Saturday, June 16, 2018

Review: Husk - by Rachel Autumn Deering

5 of 5 Stars

About two years ago, I met Rachel Autumn Deering at a Horrible Saturday event at the York Emporium used book store.  I picked this up at the time and it kinda got buried on my ever-growing TBR pile and just never got read.  Today, I finally corrected that error.

This novella is one of the most compelling and heartbreaking things I've read in recent memory.

Husk is some damn fine writing.  The kind that gets under your skin, makes you think, makes you downright angry.  Just because our servicemen and women come home doesn't mean the battles have ended.  For many, they have just begun...

"They got me seeing a doctor down to the VA hospital every few weeks.  Poking and prodding and asking me all kinds of questions a man hopes nobody would ever ask him.  Keeping me doped up and all, trying to put me back together, I guess.  I got a pill to help me sleep, one to perk me up, one to calm my nerves, and one to make sure I don't just fly plumb off the handle."

A tragic tale that left me reeling.

Strongly recommended.

Husk is available in both paperback and Kindle formats.  If you subscribe to Kindle Unlimited you can read it at no additional charge.  Also, if you are an Amazon Prime member you can read it for FREE using the Kindle Owners Lending Library.

From the author's bio - Rachel Autumn Deering is an Eisner and Harvey Award-nominated writer, editor, and book designer from the hills of Appalachia.  Her debut prose novella, Husk, was published in 2016 and drew praise from critics and fellow writers alike. Her upcoming novel, Wytchwood Hollow, is set for publication in 2018.

Review: Bones: A collection of monsters - by Andrew Cull

4 of 5 Stars     Review Copy

A solid collection of longer short stories and a bonus short-short make up this novella-length collection from Australian writer-director Andrew Cull.

Did You Forget About Me? - Cam Miller is a struggling actor and at age thirty he has yet to make his mark.  When his long-estranged father dies and leaves Cam his childhood home he contacts his sister and makes plans to visit the property.  The trip brings back unpleasant memories and more.  Cull makes effective use of his filmmaker's eye for detail. Although this is only a short story, Did You Forget About Me? had something that's been missing in a lot of books I've been reading recently and that's "atmosphere."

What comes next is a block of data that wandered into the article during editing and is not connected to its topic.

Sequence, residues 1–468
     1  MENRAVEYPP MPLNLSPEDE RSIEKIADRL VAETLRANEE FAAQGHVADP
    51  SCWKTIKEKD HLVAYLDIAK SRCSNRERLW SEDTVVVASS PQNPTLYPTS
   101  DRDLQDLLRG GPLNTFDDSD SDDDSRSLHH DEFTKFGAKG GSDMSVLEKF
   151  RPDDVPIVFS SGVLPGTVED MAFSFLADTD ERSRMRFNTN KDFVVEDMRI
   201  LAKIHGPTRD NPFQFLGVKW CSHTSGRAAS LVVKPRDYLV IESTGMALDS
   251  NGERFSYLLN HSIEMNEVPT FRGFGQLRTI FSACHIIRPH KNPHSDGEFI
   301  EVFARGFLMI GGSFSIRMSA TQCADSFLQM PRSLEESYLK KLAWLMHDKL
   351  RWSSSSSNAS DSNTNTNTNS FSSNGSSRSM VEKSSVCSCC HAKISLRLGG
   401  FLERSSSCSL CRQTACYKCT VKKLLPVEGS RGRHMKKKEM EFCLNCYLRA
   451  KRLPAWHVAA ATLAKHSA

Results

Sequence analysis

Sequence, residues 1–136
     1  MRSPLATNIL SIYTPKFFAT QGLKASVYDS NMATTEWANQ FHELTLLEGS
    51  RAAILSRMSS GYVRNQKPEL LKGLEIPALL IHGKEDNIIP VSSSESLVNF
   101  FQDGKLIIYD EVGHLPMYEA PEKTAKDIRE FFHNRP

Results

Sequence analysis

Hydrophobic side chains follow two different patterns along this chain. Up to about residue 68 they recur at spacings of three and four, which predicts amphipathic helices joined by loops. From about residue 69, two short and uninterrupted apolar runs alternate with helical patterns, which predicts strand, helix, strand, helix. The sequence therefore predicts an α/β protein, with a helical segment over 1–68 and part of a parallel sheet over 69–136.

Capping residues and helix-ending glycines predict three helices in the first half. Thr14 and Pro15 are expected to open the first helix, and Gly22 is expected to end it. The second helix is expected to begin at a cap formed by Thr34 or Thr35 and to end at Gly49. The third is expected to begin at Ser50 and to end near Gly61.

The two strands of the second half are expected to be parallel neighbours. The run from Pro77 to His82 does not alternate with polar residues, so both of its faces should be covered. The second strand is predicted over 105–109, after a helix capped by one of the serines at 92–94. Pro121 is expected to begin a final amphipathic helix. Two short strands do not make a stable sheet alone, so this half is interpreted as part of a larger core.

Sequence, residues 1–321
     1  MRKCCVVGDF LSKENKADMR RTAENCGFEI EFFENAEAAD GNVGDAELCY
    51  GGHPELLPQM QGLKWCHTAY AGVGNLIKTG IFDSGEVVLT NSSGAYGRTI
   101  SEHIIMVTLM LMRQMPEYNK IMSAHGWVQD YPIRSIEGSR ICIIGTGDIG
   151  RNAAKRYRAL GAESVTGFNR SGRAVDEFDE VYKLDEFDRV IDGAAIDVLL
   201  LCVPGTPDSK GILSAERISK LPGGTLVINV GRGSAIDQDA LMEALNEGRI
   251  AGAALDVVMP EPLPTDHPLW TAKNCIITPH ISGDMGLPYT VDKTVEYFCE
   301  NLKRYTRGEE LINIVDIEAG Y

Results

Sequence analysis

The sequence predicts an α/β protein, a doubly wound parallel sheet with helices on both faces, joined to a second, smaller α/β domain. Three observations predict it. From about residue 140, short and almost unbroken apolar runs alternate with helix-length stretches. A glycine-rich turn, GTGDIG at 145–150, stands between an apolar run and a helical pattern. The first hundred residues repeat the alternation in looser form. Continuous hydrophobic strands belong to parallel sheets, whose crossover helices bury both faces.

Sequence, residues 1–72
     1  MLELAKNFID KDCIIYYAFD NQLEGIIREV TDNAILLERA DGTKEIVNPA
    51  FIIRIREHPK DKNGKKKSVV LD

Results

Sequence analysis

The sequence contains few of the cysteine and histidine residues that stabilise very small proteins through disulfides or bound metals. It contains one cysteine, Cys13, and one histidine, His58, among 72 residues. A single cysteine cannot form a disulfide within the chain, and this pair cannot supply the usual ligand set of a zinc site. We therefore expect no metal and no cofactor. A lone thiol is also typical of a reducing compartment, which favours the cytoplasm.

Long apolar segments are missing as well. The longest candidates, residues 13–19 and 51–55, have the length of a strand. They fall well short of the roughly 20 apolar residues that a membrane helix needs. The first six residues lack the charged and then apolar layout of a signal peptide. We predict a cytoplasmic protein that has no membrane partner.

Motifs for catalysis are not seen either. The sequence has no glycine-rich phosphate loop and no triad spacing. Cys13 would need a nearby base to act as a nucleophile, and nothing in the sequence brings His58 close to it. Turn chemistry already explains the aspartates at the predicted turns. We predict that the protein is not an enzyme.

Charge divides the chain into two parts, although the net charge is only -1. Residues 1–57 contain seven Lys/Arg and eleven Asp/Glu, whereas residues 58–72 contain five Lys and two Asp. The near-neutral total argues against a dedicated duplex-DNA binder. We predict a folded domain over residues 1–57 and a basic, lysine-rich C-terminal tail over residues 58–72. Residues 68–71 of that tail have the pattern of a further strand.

Hope and Walker - This is a charming story with a touch of horror. The opening lines, "We were both 10. But he was dead.  And I sat drawing him", immediately drew me in, so important with a short story.  This is one exceptional short story.  Highly recommended.

The Trade - Another really strong opening line begins this story of something from the woods leaving dead things for a troubled family. "I was seven and that was the Summer death stalked our home."  This tale features a slow build with a killer ending.

Knock and You Will See Me - I can't stress enough how a strong opening line can make a short story.  Here's another one.  "We buried Dad in the Winter.  It wasn't until the Spring that we heard from him again."  This is one creepy story.

The Rambling Man - A wonderfully gruesome short to wrap up this collection.


Bones is available in both paperback and for the Kindle.  If you subscribe to Kindle Unlimited you can read it at no additional charge.  Also, if you are an Amazon Prime member you can read it for FREE using the Kindle Owners Lending Library.

From the author's bio - Andre Cull is a writer and director of The Dark and The Possession Of David O'Reilly (UK title: The Torment). His first novel, Remains, is due for release later this year.

Review: The Nightmare Room (The Messy Man Series Book 1) - by Chris Sorensen

4 of 5 stars     Review copy

At it's heart, The Nightmare Room (The Messy Man Series Book 1) is a ghost story and a very good one to boot.

Here's a killer opening line for you...

"The boy woke to the sound of his screams."

The back story is that of an abused child, but part of the mystery is the child's identity.

"He hesitated...but why? He'd already made this run two times this week. Both Monday and Thursday, he's awakened screaming, bringing down the Old Man's wrath, and sending him here. To the penalty box. To time out. To the Night—"

Peter and Hannah Larson are moving back to Peter's hometown. With his mother passed and his father moving into a Nursing home, the plan was to take up residence in the family homestead, but when they arrive they find that the property has been pomised to the home to help pay for his father's care. But there is an older property owned by Peter's father.